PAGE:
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Dakota Courting and Music

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Dakota Courting and Music

by Darren Renville

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Dakota Wedding

At the moment we are privy to in the Eastman painting (pictured left), we see the young man’s first moment of success in his courtship of the young woman. She is shown attentive, and definitely interested. Had he not been a success, the woman would have simply ignored him by walking past him, or else discouraged him by insuring that her chaperone showed up to interrupt the scene. Instead, she is encouraging him by listening. The next step in the courtship would have entailed the young man leaving gifts in front of the young woman’s tipi or lodge. The idea was to show that how much he valued her, and, just as importantly, to demonstrate that he could care for her, and by extension, her family.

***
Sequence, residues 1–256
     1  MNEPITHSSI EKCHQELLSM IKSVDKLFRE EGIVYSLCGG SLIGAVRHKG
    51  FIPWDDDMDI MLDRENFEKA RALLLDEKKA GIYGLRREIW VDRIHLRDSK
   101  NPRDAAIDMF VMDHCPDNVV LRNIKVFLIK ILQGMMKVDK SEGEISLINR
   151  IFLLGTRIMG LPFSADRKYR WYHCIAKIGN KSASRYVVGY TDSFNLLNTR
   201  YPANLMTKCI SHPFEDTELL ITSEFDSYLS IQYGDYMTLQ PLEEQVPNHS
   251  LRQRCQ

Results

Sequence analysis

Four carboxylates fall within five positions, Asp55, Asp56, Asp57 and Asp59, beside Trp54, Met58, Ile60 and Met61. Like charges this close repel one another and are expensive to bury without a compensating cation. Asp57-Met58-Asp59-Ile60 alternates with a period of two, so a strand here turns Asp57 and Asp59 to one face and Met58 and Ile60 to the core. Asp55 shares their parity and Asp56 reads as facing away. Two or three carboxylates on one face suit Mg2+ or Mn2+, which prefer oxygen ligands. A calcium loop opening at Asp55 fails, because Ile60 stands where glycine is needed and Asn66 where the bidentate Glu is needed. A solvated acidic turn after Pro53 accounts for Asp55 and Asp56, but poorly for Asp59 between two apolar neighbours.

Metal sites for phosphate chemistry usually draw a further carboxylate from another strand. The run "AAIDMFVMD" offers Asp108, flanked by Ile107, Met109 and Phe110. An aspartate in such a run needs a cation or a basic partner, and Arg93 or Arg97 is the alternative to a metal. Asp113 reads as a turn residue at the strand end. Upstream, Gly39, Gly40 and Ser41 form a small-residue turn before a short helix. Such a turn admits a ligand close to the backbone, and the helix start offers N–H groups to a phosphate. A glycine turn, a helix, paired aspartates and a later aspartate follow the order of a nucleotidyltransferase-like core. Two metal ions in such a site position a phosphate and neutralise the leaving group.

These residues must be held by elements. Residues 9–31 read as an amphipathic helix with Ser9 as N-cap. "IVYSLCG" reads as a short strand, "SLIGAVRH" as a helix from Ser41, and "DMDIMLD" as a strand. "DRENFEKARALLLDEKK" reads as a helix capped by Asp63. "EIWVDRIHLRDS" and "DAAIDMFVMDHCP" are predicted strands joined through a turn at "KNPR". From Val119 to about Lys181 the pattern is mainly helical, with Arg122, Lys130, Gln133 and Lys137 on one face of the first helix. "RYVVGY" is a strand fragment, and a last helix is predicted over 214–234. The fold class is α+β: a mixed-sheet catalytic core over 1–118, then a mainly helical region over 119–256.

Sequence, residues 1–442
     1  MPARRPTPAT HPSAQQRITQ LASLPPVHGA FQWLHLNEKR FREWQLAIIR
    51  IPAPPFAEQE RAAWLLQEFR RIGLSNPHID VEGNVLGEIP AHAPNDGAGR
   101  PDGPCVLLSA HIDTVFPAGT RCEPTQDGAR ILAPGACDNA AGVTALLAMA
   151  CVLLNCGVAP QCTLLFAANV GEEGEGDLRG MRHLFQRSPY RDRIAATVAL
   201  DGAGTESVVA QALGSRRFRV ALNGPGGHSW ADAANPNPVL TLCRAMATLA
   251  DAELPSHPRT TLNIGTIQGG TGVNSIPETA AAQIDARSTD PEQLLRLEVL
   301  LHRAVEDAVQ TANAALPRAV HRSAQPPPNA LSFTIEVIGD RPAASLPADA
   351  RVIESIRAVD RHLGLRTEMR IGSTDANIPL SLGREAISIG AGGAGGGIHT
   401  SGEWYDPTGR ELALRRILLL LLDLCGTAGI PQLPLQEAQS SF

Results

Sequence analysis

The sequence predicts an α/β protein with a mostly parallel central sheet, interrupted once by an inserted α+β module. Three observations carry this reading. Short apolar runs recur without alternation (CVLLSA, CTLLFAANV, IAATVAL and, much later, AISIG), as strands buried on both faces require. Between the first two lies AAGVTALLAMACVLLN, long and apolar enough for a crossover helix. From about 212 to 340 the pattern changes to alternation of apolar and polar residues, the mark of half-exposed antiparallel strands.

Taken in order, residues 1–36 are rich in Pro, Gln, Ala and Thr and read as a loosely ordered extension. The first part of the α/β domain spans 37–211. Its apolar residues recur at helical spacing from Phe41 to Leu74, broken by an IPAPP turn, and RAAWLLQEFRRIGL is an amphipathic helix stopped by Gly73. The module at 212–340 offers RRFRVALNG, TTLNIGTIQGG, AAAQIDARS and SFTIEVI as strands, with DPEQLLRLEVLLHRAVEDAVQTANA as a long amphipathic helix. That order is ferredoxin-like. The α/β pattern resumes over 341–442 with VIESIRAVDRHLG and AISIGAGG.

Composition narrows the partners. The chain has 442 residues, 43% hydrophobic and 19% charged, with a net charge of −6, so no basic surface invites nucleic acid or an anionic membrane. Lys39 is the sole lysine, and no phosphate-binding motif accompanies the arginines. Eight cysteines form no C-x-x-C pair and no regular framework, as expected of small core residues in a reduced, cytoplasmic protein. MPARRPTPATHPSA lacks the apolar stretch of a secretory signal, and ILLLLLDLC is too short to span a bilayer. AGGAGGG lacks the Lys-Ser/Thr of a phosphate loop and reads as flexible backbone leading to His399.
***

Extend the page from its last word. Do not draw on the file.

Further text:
The basic aim of a Dakota life was to become as good a relative as one could be, and this was an essential requirement of a good husband. The husband generally became a member of his wife’s family and band, rather than the wife following her husband elsewhere. This is an echo of the matriarchal nature of Dakota society at large. He did not necessarily have to be a member of the band his potential wife was from, or, after the Dakota people came into contact with white people, necessarily be born a Dakota person, but he did need to exhibit that desire to become a good relative.



RealVideo: Gary Cavender

Rev. Gary Cavender,

Dakota elder

[ modem DSL ]

 


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